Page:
Of course, this is more fantasy than reality, but all three of us Cuban-born American designers: Ana Lense Larrauri, of The Miami Herald, Nuri Ducassi of The Toronto Star, and I, thought it would be fun to give this a shot. No matter where you turn today the talk is all about Cuba: from fashion, to food to newly established bed and breakfast spots (usually in people's homes). We are seeing more daily images of the famous Malecon Boulevard, the Havana Cathedral, Hemingway's La Bodeguita del Medio and all those colorful vintage cars.
Airlines prepare to start more scheduled flights to Cuba (including JetBlue from New York's JFK), while cruise ships salivate at the thought of what a true opening with Cuba may bring to their business.
It's all a lot of talk and dreaming right now. So, we have joined in.
I discussed our dream project in this blog recently. Today, however, The Wall Street Journal, a newspaper with which I have been involved in three of its redesigns, published a story and showed some of our sketches.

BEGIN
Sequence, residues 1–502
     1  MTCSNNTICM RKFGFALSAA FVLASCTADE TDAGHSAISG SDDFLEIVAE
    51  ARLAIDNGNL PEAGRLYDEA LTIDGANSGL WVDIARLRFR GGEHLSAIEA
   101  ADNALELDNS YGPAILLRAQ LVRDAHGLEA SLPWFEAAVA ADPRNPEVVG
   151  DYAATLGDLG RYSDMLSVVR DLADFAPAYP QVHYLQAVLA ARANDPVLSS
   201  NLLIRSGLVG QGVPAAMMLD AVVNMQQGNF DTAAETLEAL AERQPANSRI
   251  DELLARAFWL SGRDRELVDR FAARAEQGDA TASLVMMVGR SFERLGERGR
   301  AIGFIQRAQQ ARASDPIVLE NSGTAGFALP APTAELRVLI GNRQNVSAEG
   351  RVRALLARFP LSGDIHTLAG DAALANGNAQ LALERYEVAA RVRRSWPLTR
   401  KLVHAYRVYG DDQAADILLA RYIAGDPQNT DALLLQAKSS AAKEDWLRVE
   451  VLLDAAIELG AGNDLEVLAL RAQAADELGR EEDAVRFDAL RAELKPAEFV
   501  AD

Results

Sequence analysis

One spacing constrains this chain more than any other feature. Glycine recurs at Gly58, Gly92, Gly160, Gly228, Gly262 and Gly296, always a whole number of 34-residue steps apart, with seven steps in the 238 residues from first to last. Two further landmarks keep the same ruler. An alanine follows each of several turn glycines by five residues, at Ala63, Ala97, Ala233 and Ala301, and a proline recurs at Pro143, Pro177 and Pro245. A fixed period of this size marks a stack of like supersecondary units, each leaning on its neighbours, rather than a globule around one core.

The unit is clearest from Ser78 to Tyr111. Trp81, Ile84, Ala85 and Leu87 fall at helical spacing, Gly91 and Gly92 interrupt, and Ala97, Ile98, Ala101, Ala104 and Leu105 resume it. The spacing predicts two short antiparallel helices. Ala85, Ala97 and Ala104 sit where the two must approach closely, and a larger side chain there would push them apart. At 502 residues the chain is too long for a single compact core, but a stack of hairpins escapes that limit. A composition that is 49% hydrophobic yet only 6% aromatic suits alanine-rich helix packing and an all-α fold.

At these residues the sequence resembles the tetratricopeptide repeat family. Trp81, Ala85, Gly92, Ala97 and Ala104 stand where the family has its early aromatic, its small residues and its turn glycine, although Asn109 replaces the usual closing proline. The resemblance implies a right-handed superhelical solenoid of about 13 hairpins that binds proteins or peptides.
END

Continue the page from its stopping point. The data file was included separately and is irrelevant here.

I thought it would be great to show you some of the models that have not appeared anywhere yet.
Ana tackled the English language version of Havana 24/7, as we know that there will be a lot of tourists and businessmen coming into a new Cuba, thus the need for an English language daily.
Nuri went for a truly contemporary look with La Rampa (named after one of Havana's best known neighborhoods), inspired by the colors of the island, and, particularly, those of the murals on the former Havana Hilton, now the Habana Libre.
I decided to do, Cuba Hoy, what will definitely be a sure thing in the Cuba of the future: a down market tabloid. Mixing the silly and the sillier, celebrity, survival news and gossip. This model, like the others, will not have a chance unless there are dramatic changes in Cuba, as in permitting freedom of the press.
(My sketches were created with the able collaboration of our Garcia Media Latinamerica senior art director Paula Ripoll)